Mentions: ADMSC showed typical fibroblast-like cell morphology and their phenotype was CD90+/CD29+/CD45–/CD11b– (Fig. 1a).Fig. 1

Bottom Line: The treated animals also showed higher levels of white matter-associated markers in the injured area than the control group.Proteomics analysis of the ADMSC secretome identified 2,416 proteins, not all of them previously described to be involved in brain plasticity.These findings are associated with improved functional recovery after stroke.

View Article: PubMed Central - PubMed

Affiliation: Department of Neurology and Stroke Center, Neuroscience and Cerebrovascular Research Laboratory, La Paz University Hospital, Neuroscience Area of IdiPAZ Health Research Institute, Autónoma University of Madrid, Paseo de la Castellana 261, 28046, Madrid, Spain. laura.otero@salud.madrid.org.

ABSTRACT

Introduction: Despite its high incidence, nerve fiber (axon and myelin) damage after cerebral infarct has not yet been extensively investigated. The aim of this study was to investigate white matter repair after adipose-derived mesenchymal stem cell (ADMSC) administration in an experimental model of subcortical stroke. Furthermore, we aimed to analyze the ADMSC secretome and whether this could be implicated in this repair function.

Methods: An animal model of subcortical ischemic stroke with white matter affectation was induced in rats by injection of endothelin-1. At 24 hours, 2 × 10(6) ADMSC were administered intravenously to the treatment group. Functional evaluation, lesion size, fiber tract integrity, cell death, proliferation, white matter repair markers (Olig-2, NF, and MBP) and NogoA were all studied after sacrifice (7 days and 28 days). ADMSC migration and implantation in the brain as well as proteomics analysis and functions of the secretome were also analyzed.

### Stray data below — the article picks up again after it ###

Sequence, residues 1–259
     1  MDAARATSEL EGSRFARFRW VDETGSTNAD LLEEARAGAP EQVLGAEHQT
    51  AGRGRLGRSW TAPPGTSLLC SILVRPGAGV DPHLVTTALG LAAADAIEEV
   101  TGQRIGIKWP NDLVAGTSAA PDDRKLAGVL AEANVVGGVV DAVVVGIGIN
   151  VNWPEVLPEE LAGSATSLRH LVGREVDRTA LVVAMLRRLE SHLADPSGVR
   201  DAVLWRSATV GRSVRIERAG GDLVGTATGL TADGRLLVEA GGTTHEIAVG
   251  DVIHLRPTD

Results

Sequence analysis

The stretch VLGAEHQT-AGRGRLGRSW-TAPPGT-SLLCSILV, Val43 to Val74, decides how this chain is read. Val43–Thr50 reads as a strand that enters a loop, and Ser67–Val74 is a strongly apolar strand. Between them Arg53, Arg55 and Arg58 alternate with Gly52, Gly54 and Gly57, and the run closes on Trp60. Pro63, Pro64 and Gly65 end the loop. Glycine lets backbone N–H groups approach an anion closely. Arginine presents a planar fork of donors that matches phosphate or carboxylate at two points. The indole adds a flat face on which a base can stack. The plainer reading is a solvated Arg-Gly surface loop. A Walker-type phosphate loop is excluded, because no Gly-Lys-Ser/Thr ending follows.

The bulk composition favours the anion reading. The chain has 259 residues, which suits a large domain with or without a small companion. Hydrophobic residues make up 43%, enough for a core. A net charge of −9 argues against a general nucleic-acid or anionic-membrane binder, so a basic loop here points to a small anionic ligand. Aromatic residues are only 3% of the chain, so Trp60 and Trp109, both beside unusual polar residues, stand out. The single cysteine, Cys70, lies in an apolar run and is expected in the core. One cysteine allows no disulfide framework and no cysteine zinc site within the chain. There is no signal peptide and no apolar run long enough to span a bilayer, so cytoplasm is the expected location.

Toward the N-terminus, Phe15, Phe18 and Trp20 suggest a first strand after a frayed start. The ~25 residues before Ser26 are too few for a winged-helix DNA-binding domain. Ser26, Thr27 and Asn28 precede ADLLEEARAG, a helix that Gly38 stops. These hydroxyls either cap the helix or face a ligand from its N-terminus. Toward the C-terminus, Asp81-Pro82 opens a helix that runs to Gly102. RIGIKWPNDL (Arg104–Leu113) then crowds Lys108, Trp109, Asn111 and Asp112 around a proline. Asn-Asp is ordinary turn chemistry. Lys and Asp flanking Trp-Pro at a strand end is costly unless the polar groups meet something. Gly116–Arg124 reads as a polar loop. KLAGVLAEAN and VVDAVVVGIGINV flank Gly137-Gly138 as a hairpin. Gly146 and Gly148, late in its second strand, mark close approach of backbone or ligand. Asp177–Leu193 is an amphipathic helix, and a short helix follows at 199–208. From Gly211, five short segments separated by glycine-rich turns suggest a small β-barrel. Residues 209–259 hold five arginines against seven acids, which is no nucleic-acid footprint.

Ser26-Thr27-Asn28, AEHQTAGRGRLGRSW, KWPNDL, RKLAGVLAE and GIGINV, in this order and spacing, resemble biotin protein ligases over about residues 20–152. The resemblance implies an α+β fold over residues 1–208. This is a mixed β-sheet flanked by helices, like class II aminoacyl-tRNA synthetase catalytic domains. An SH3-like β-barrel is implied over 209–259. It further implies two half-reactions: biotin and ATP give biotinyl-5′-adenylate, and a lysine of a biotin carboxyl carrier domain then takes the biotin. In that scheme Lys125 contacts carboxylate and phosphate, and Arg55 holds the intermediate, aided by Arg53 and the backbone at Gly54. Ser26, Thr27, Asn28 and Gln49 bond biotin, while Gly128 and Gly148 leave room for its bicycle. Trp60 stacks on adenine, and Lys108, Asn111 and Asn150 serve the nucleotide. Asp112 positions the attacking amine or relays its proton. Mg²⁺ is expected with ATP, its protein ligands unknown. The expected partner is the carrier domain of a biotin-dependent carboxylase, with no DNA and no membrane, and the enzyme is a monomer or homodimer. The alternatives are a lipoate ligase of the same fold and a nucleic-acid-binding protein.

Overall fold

Results: Neither ADMSC migration nor implantation to the brain was observed after ADMSC administration. In contrast, ADMSC implantation was detected in peripheral organs. The treatment group showed a smaller functional deficit, smaller lesion area, less cell death, more oligodendrocyte proliferation, more white matter connectivity and higher amounts of myelin formation. The treated animals also showed higher levels of white matter-associated markers in the injured area than the control group. Proteomics analysis of the ADMSC secretome identified 2,416 proteins, not all of them previously described to be involved in brain plasticity.

Conclusions: White matter integrity in subcortical stroke is in part restored by ADMSC treatment; this is mediated by repair molecular factors implicated in axonal sprouting, remyelination and oligodendrogenesis. These findings are associated with improved functional recovery after stroke.

No MeSH data available.


Related in: MedlinePlus